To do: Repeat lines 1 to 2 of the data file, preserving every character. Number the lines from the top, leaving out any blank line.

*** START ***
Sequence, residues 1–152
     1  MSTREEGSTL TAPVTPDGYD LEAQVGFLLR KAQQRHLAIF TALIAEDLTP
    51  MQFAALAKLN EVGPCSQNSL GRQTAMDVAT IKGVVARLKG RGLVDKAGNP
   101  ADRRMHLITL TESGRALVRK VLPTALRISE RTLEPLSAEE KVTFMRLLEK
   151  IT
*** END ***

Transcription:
Sequence, residues 1–152
     1  MSTREEGSTL TAPVTPDGYD LEAQVGFLLR KAQQRHLAIF TALIAEDLTP